It is established that bovine heparins exhibit lower anticoagulant activity than porcine heparin (9, 13, 14, 25, 26) Modern analytical techniques have shown this reduced activity of bovine heparin to be associated with differences in the sulfation pattern and presence of antithrombin-binding regions (6, 12, 13, 27, 28). Even with modern refinements to the heparin manufacturing process, the potency of bovine heparins will likely be limited to ~75% that of porcine heparin. Attempts to get around this limit have included sulfonation and fractionation of bovine heparins (13, 14). It remains to be seen whether such processes can be economically viable.
Administering a greater amount of bovine heparin by weight, and thereby administering similar amounts of anticoagulant activity, may be necessary to facilitate clinical acceptance and use of heparins derived from two different sources. It has recently been shown that use of the 6th International Standard for Unfractionated Heparin, which is a porcine heparin, is suitable for assessing potency of bovine heparins (29). In the current study, we utilized the USP heparin activity standard to normalize concentrations of bovine and porcine heparin for in vitro assessment of anticoagulant activity, and doses of these heparins for use in in vivo models.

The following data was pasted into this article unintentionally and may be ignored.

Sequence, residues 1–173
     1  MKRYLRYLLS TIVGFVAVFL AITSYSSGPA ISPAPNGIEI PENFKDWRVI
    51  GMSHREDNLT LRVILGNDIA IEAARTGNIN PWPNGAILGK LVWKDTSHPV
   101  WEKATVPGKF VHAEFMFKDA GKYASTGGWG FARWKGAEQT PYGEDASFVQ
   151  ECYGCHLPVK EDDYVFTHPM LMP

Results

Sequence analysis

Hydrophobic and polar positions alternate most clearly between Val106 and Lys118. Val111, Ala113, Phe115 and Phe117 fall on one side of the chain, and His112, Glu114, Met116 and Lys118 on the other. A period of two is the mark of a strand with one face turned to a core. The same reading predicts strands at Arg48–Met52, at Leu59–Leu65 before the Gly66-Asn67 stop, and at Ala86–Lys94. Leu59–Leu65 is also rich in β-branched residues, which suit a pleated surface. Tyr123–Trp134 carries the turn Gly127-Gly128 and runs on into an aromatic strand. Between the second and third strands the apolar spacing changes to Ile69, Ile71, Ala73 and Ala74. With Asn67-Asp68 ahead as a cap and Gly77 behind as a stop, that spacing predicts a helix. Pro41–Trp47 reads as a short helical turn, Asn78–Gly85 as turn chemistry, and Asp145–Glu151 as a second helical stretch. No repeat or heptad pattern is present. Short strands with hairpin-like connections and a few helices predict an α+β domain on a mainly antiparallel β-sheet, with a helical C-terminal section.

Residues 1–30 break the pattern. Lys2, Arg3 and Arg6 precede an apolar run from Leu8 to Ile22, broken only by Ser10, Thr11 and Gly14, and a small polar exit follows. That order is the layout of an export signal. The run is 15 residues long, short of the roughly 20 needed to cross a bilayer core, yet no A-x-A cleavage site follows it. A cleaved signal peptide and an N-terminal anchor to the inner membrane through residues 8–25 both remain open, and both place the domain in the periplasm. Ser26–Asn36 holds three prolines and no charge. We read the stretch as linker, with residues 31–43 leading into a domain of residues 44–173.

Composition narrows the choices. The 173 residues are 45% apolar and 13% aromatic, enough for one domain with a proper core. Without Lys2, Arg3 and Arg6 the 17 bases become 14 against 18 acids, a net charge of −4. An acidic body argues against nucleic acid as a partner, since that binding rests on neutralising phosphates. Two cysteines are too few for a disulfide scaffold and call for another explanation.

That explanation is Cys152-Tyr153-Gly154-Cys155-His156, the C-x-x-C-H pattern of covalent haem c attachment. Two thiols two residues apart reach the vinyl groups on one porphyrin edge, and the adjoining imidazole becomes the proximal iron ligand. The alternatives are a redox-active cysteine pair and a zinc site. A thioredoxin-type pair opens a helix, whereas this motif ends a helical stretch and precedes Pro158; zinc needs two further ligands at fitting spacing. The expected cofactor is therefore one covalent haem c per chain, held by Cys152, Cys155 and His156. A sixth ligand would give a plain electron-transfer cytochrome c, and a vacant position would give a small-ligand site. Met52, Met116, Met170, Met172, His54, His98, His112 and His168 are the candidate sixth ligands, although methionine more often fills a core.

Consistent with previous reports (9, 13, 14, 25, 26), it was shown that the bovine heparins studied here exhibited lower anti-Xa and anti-IIa potencies (approximately 130 U/mg) compared to porcine heparins (~185 U/mg). Our data show that this reduced potency of bovine heparins was associated with reductions in anticoagulant and antithrombotic and hemorrhagic effects in animal models. Supplementing or administering these heparins at equivalent anti-Xa concentrations or doses minimized most of these differences. This was clearly seen in the pharmacodynamic studies carried out in primates where the concentration vs. time curves were superimposable for bovine and porcine heparins administered at a dose of 100 anti-Xa U/kg. These findings support the results of a small clinical study in which patients undergoing cardiac bypass surgery were randomized to receive either bovine mucosal heparin or standard porcine heparin (30). In this study, total doses of bovine and porcine heparin in terms of units differed by ~2% and patients exhibited comparable prolongations of activated clotting time and amounts of post-surgical blood loss.